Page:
Previous studies revealed that cyanobacteria have strong interactions with glacier environments. Cyanobacterial growth largely depends on glacier surface conditions, and requires sunlight, melt water, and certain amounts of nutrients (Vincent, 2000; Langford et al. 2010). Thus, cyanobacterial abundance and species compositions may vary spatially and geographically on glaciers under different physical or chemical conditions (Langford et al. 2014; Uetake et al. 2016). Cyanobacterial abundance also affects the glacier itself; cyanobacteria usually live in cryoconite holes and form granules, but they disperse and cover the entire glacier surface on some glaciers (Takeuchi et al. 2001; Segawa and Takeuchi, 2010). Because of the dark coloration of cryoconite granules, their dispersion on the glacier surface can reduce surface albedo and accelerate the melting of snow and ice (Takeuchi et al. 2001; Takeuchi and Li, 2008; Yallop et al. 2012). Particularly, recent increase of cryoconite coverage on the Greenland Ice Sheet has been suggested to be a potential impact on mass loss of the ice sheet (Wientjes and Oerlemans, 2010; Shimada et al. 2016). Therefore, understanding of the ecological traits of glacial cyanobacteria, such as life history, dispersal processes, and demographic history are important to evaluate the interaction between physical and biological aspects of glaciers.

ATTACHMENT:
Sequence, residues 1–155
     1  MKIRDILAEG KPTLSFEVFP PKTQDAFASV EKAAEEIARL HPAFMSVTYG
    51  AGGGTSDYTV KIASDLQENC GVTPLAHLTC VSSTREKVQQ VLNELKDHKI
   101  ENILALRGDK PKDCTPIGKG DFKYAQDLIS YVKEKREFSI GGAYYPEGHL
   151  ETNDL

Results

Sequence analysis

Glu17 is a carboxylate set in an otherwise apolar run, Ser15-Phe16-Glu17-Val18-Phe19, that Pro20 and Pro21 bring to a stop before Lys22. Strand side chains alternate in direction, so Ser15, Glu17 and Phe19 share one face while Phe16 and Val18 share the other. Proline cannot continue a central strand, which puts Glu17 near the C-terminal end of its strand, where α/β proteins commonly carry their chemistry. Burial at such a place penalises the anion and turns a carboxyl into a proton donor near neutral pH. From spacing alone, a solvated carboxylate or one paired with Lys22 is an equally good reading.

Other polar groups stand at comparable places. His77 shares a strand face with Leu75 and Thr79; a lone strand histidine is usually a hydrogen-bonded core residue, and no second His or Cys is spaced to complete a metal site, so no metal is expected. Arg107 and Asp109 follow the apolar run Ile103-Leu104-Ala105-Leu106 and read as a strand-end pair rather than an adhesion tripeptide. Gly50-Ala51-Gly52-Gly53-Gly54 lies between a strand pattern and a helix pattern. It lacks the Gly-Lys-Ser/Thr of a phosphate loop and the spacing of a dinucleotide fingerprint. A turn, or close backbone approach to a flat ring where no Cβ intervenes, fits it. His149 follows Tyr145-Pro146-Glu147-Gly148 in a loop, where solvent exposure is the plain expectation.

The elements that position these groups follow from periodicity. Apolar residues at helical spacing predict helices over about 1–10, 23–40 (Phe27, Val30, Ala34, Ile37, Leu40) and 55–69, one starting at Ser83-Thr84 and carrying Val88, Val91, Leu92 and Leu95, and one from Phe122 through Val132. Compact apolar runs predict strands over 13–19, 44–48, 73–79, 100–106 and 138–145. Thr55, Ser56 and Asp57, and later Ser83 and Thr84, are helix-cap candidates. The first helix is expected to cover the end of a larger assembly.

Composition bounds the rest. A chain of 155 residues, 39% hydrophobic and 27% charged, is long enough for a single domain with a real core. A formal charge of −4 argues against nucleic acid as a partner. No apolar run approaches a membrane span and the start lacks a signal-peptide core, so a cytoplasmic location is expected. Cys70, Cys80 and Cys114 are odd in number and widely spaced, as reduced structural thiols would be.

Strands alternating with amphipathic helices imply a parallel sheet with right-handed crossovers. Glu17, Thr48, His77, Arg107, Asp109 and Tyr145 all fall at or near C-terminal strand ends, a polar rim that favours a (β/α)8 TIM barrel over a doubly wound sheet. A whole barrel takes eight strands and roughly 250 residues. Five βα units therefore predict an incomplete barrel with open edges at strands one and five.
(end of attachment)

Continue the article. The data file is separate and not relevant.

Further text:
Recently, phylogeographic patterns of cyanobacteria have been resolved by enthusiastic studies (Bahl et al. 2011; Dvořák et al. 2012). It has been speculated that cyanobacterial spatial distribution patterns in the cryosphere are essentially global at the species level by 16S rRNA gene analysis (Jungblut et al. 2010; Harding et al. 2011). According to 16S rRNA sequences analysis by Chrismas et al. (2015), several clades of cold-dwelling cyanobacteria are common to cold regions, and 20 clades have common ancestors that were highly likely adapted to cold environments. However, that analysis focused upon publicly available sequences deposited in DNA database. Although many cosmopolitan microorganisms in Antarctica are frequently dispersed by aerial exchange with the rest of the world (Vincent, 2000), recent work demonstrated evidence of regional differentiation and adaptations at the population level by internal transcribed spacer (ITS) sequences (Segawa et al. 2017). Segawa et al. (2017) suggested that cyanobacteria on glaciers are fundamentally endemic at the population level and there is currently limited migration among regions. Therefore, it remains unclear how, when, and to what extent cyanobacteria expand their distributions on glaciers, because limited information on their mutation rates makes it difficult to elucidate demographic dynamics and establish their phylogeographic patterns in cold environments.